Wildlife was pretty sparse in the dark. I think we may have scared up a possum or skunk south of Grantsburg. Between Crex and the Gandy though we chased a muskrat down the road for a little while.
Shortly after 4am we finally made the last turn on the cue sheet. 59.8 Turn right onto Gandy Dancer
Without much discussion we decided that it was time for our “rest”. Camping isn’t allowed on the Gandy so we clearly weren’t doing that. Instead we all dispersed near the trail and rested for about 2.5 hours.
JK claims that he didn’t get much rest with a bunch of snoring going on around him. I on the other hand slept great other than needing to pee “in the middle of the night”.
Into the Light
Shortly after sunrise we were up and trying to get rolling again. JK made some fantastic pour over coffee. The fine china needs some work, but the coffee was delicious.
All told it looks like we were off the bikes for a little over 3 and a half hours. There was definitely some groaning going on as the bike wheels started turning again. Some folks wishing for more sleep, some food, some looking for a bathroom. We did built up a little steam and rolled about 12 miles down to Frederic where we all descended upon Beans Country Griddle. We all proceeded to order twice a normal persons breakfast. Despite the initial astonishment, the waitress took it all in stride and quickly we were all refueling for the push home.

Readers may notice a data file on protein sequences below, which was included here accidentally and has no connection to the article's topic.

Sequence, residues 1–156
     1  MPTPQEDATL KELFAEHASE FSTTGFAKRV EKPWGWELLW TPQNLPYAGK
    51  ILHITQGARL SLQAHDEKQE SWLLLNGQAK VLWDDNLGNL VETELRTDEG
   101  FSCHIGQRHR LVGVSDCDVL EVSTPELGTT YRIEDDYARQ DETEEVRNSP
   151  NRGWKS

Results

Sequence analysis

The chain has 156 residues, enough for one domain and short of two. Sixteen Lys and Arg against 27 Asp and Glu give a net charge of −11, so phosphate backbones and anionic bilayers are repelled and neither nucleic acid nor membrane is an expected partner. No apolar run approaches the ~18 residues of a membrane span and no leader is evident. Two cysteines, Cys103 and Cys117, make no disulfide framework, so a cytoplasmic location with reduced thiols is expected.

After breakfast it was the final slog back to SCF. The crew slowly broke up on the way back with people peeling off to go home. Some to do a bunch of yard work, some to get a few extra miles to get a full century.
I ended up doubling back for a mile or so with Crazy C who was just headed out for his morning ride. Even so I still ended up doing a few extra laps of the info center to round out my 100 miles.
So aside from a reminder of how cool a crowd I hang out in, I learned a few things along the way.
- My battery pack will easily charge my phone with LiveTrack on and my Garmin for 14+ hours
- The ziptie/bulldog cue sheet holder works quite well
- The plastic baggie cue sheet protector won’t work at night
- No one will ride behind me at night with my blinky light on… its too bright.
- The lights (Bontrager ION800R) I was using will probably get me through the night if I swap and maybe have to charge one for insurance
- My cue datafield works great and I’d have a heck of a time doing the math for every turn without it
All told it was quite the adventure and a ton of fun. I won’t deny that the nap later Saturday afternoon didn’t feel really good though.